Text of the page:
“Content” versus “Newness”The two executive orders are studies in contrast. The ATC document directs an interagency effort to coordinate IT modernization and enhance digital services delivery. Interestingly, cybersecurity support and processes fit into this category (e.g., services provided under contracts such as FedRAMP) but are not called out in the order. Similarly, while modernization and the retirement of legacy IT systems is commonly viewed as a shortcut to enhanced cybersecurity, the ATC does not include a formal role for the Cybersecurity Coordinator in determining priorities. Indeed, the cybersecurity coordinator is not mentioned in the document at all. This suggests that closure of cyber vulnerabilities may be competing with IT modernization for both attention and resources. The informal task force approach adopted by the ATC contrasts sharply with the structured study portfolio and routinized agency accountability focus defined by the cybersecurity executive order. The reports and studies called for in that document have a scope spanning both federal agency networks and business operations and 16 critical infrastructures. Priority focus items are defined in three areas: (a) disruption of electricity supply due to cyber exploitation; (b) the defense industrial base Department of Defense war fighting capabilities; and (c) Executive Order 13636 - Section 9 critical infrastructure entities and assets – critical infrastructures of highest importance.
A “Net” AssessmentConsidered together, these two executive orders promise a reset of federal IT policy that cannot help but impact cybersecurity priorities and programs. The synchronization of these efforts, however, is nowhere described beyond the obvious centrality of White House coordination mechanisms that appear to favor ad hoc, rather than tightly structured, decision-making. Neither of the executive orders articulate a legislative agenda to which Congress can be expected to respond in less than the year it will take to execute planned program reviews. Two sub-themes are clear: a shifting federal role and competing, potentially conflicting program timelines:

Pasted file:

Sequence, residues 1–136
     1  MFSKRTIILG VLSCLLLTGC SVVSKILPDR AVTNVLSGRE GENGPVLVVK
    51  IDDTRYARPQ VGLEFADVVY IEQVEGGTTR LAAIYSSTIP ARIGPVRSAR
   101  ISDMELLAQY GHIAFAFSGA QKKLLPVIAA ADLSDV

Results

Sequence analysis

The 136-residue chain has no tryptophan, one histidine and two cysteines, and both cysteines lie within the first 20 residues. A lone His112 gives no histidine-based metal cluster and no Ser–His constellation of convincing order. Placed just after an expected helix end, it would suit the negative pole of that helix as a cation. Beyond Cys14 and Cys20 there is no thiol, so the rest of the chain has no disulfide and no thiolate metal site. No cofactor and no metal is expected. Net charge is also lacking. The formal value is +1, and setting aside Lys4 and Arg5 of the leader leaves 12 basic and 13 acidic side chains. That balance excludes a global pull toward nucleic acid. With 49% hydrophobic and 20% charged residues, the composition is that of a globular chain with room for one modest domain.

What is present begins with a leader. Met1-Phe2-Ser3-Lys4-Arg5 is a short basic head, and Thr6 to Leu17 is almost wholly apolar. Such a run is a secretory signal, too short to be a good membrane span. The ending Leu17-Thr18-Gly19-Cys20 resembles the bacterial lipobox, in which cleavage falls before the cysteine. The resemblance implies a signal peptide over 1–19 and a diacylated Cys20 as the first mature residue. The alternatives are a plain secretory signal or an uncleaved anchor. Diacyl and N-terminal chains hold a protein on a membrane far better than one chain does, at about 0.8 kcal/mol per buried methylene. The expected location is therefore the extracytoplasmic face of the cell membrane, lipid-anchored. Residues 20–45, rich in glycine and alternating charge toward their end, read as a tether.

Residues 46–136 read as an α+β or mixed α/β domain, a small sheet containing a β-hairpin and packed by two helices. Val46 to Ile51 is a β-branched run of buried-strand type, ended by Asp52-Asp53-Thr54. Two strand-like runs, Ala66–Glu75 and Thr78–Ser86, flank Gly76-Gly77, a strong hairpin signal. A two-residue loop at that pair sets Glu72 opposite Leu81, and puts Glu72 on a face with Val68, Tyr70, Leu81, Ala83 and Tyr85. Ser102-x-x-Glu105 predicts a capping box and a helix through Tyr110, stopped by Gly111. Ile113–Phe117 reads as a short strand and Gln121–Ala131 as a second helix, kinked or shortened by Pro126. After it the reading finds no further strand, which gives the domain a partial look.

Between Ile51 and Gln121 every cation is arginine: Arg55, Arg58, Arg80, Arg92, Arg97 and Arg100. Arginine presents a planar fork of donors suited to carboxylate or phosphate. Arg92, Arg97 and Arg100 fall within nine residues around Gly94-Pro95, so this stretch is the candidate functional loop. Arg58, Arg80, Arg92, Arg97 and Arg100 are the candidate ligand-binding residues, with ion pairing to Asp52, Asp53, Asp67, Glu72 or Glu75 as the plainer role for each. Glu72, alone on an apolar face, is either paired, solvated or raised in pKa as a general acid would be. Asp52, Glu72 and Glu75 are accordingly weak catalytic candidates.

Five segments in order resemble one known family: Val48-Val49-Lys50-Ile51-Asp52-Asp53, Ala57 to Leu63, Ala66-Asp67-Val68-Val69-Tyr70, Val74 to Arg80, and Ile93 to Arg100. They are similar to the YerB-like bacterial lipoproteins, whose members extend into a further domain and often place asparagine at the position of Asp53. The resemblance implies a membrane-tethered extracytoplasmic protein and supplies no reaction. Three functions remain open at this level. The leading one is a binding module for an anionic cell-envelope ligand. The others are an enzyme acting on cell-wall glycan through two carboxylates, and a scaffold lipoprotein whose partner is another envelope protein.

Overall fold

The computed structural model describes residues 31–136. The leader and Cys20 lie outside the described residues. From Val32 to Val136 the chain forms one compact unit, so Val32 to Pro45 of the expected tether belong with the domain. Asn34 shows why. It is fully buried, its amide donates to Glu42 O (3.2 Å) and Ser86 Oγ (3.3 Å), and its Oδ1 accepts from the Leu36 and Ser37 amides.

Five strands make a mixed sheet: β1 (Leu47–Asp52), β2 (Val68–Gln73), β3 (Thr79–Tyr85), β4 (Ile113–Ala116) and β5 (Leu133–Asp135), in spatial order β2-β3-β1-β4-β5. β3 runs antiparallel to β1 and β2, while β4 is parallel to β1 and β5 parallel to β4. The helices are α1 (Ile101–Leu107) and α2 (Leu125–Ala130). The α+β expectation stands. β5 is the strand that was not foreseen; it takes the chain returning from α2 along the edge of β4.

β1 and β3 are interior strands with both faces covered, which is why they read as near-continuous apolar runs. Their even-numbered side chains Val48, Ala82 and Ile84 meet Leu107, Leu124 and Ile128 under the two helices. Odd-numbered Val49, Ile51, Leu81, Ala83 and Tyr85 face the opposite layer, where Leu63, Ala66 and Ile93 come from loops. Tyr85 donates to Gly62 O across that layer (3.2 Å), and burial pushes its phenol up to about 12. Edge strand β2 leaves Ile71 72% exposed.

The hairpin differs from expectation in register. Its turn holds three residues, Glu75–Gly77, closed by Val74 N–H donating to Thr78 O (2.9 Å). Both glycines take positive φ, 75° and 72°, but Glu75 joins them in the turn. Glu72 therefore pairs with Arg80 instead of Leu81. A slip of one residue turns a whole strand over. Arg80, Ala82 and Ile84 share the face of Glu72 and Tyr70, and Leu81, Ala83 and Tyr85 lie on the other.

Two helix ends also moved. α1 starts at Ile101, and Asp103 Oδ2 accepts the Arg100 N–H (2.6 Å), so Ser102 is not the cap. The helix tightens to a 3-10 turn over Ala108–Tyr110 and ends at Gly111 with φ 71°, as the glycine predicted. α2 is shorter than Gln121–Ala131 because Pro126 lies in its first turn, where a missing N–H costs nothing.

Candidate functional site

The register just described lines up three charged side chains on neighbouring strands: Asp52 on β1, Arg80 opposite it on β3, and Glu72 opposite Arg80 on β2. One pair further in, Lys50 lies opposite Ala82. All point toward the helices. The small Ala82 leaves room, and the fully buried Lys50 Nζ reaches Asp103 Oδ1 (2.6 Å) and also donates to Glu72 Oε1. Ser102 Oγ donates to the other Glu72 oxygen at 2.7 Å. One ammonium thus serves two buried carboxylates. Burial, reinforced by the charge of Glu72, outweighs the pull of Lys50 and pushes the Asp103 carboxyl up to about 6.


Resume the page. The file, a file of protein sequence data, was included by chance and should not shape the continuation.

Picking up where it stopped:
- Support vs. Leadership by Federal Entities
- Near-Term Action vs. A Restart – Potentially Divergent Agendas
Prospects for ImprovementThe Trump Administration has begun to define its approach to federal network and critical infrastructure cybersecurity. This approach has two parts: IT modernization and a zero-based review of federal and critical infrastructure vulnerability mitigation priorities. Close coordination of these two work streams is a requirement for effective policy. The composition of the ATC suggests that it will be the primary venue for setting broad priorities in federal agency cyber and IT technology investments. Effective cyber risk management requires that legacy technology refresh be synchronized with a security life cycle and critical data. The absence of a clear role for the cybersecurity coordinator places in doubt effective and subject matter expert-influenced planning that prioritizes cyber security. Meanwhile, the Cybersecurity executive order’s focus on electricity disruption, defense sector and warfighter cyber capabilities, and Section 9 critical nodes now competes with an IT modernization agenda for policy preeminence. Taken separately, the two executive orders describe coincident priorities. In combination, however, the two documents are likely to exacerbate potentially complex and competing priority agendas with different advocates and divergent resourcing requirements. Rather than presenting a clear vision for cybersecurity policy, the Administration has roiled the policy debate with little prospect of near-term resolution of potential conflicts.